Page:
Back in October 2010, I joined an on-line cooking group, French Fridays with Dorie, whose goal was to cook its way through a single cookbook, Around My French Table, one recipe each week. The group worked off of the same schedule with everyone cooking the same recipe, posting about that week’s selected recipe each Friday.
This marks my final post about this project. The group cooked the final recipe four weeks ago. I finished making up the handful that I’d missing, completing the final four earlier this week. For the past three weeks, we’ve been sharing our favorite recipes, techniques, and reflections about the cooking confidence we’ve gained along the way, courtesy of Around My French Table and its author Dorie Greenspan. For the final post, rather than more about the book, I want to share my reflections about the French Fridays group instead.
I started blogging in October of 2009, a year before French Fridays started. Like so many others, I used my blog as a place to share what I was cooking with my family and friends. I’m addicted to cookbooks but I’ve barely made a dent in trying more than a few recipes for any one of them.
When I heard about French Fridays with Dorie gearing up to start, I was intrigued by the idea of cooking every single recipe in one book. The selected recipe cut down on a few decisions I’d have to make each week: one thing to cook and one thing to write about. So I joined and started when the group cooked the inaugural recipe: Gougeres.
Each week, I enjoyed reading the other group members'(Doristas’) posts and comparing their process and outcome with mine. Some were novice cooks, some were advanced, some managed food allergies in their family, or eating preferences, or dietary restrictions. The variety of experiences and the creativity to make each recipe work in their own kitchen inspired me.
It took me a while to catch on that commenting on these strangers’ blogs was a welcome, not creepy, exchange. And so, slowly, conversations started. Through typed conversations each week, many friendships developed. I called the Doristas my “imaginary friends”. Each week I got a glimpse into their lives, and they into mine, and we started to know each other.
French Fridays has been filled with a diverse group of home cooks, mostly from North America, but sprinkled with others from all over the world. The Doristas shared my passion for food. They were all enthusiastic cooks, just like me.
As the weeks and months went by, Friday posts went beyond the recipe of the week. We shared more of our lives: travel adventures, books read, new cookbooks discovered, family joys and sadnesses. It was more like sharing stories around the water cooler in the office, getting to know your co-workers. Being a Dorista became less of a solitary pursuit and more of a group activity.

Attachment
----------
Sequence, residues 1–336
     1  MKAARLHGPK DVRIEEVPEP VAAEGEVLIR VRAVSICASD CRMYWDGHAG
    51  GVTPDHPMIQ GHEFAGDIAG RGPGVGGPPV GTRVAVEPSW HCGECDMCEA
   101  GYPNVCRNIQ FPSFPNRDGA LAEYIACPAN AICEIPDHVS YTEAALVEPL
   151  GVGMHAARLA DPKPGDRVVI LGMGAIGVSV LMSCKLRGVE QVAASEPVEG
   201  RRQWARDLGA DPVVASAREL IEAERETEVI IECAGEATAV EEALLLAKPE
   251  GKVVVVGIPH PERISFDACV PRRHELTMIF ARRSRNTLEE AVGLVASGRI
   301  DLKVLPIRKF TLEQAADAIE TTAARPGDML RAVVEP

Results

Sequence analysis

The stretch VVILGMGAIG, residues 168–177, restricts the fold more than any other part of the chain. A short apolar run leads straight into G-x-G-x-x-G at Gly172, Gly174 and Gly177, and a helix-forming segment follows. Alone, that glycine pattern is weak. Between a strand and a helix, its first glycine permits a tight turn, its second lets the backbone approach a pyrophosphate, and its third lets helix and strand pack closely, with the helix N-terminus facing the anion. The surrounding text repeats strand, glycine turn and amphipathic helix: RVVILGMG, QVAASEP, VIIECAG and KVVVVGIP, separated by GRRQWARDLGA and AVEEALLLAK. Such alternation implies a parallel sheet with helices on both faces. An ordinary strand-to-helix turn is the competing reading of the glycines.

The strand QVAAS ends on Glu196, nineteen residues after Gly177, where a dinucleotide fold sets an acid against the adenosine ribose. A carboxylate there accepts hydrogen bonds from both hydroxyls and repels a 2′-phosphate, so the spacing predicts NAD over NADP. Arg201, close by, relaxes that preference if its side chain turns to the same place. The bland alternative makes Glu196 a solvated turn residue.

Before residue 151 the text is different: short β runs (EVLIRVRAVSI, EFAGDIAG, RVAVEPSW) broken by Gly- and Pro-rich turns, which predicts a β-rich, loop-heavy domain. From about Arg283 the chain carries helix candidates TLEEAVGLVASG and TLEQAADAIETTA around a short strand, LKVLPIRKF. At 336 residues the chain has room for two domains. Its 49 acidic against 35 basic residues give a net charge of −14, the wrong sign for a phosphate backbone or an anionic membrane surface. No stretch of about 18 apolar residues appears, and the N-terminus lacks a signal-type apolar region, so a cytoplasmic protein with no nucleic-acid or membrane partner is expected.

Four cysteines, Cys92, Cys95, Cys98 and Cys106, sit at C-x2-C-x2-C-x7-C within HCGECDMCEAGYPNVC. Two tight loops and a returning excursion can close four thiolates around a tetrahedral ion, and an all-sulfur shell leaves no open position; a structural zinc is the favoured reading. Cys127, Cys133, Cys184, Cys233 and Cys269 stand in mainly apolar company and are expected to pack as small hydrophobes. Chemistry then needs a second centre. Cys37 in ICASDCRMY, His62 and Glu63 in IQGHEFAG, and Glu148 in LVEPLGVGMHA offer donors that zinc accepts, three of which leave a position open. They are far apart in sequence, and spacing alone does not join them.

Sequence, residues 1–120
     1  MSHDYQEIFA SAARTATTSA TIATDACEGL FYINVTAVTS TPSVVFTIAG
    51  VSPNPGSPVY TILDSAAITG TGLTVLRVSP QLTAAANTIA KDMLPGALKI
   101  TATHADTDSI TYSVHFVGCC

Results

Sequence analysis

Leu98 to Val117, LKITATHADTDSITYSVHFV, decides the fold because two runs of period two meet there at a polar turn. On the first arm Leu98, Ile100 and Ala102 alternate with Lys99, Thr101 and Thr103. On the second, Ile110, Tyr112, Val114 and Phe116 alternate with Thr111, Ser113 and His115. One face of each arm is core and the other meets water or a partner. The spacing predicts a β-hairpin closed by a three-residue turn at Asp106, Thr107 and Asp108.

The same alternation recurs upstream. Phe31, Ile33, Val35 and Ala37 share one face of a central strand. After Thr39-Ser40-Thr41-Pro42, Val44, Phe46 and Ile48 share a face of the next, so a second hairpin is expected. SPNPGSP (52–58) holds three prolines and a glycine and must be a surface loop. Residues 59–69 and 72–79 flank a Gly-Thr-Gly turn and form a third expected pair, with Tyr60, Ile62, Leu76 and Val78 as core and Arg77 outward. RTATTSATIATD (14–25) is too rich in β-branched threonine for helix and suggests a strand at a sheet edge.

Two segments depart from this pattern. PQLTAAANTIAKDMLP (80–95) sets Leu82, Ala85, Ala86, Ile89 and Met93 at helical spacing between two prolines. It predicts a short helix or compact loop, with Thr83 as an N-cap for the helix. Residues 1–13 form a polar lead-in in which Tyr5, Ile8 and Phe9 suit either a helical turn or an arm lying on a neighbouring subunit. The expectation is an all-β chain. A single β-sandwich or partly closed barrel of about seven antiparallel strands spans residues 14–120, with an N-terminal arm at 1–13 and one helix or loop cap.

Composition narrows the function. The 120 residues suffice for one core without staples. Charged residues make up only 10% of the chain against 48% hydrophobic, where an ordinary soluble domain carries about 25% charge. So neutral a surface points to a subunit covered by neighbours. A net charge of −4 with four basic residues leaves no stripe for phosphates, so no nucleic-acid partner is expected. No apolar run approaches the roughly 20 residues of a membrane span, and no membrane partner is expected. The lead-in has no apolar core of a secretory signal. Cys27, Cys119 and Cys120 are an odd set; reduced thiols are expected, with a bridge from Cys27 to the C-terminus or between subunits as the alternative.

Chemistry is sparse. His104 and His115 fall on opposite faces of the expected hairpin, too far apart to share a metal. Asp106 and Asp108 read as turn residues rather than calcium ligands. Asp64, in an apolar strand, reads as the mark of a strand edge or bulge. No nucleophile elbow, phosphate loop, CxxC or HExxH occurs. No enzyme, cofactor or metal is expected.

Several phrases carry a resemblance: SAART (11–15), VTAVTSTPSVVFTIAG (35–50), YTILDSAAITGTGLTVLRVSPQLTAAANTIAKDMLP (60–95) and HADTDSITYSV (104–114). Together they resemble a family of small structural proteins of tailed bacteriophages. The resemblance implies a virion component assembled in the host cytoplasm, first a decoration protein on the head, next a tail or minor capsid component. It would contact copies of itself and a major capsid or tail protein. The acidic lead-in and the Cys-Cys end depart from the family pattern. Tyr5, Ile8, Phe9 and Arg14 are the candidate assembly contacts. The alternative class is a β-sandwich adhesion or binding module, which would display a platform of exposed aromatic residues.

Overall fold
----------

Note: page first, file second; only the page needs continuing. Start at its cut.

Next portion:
September 2013 sealed the deal. The International Food Blogger Conference was scheduled in Seattle. Dorie Greenspan, our unofficial leader, as author of this book we were cooking through, was the keynote speaker. Many of the Doristas planned to attend. I was one of them. At the conference, a magical bonding took place, transforming the group dynamics, turning imaginary friends into real ones. In fact, since the conference broke the ice, if an opportunity to meet up with another Dorista arises, it has become de rigeur.
And now the project we set out to do has been completed. I’m proud that I stuck with this and did the whole book. I’m equally proud of the community we’ve built together. More than the cooking, what I marvel at are the friends I made along the way. The project might be over, but I’ll be keeping in touch with my new friends.
From a blogging perspective, it’s now time to step back and figure out what to focus on next. I have no idea what it will be, but do know that my blogging has been enriched and will continue to be inspired by the bloggers I met and follow through the French Fridays community.
I would be remiss if I didn’t offer a huge thank you to Dorie herself for writing this book that was the catalyst for the creation of French Fridays. Dorie, it was delightful to find that you are as gracious, elegant, and kind in person as you seem from your voice encouraging from the page every week. It’s been a treat to meet you, and I hope to see you again in the future.
And so, my Dorista friends, as I wrap up this last look at what we’ve done together, thank you for being my companions along this incredible and unexpected journey. I will miss our weekly catch ups, but I look forward to keeping up with whatever your future adventures turn out to be, continuing the conversations, the recipe exchanges, and the book recommendations. Who knows, maybe we’ll even take on another project together. More than anything, I’m so happy that our paths have crossed and I have gotten to know you.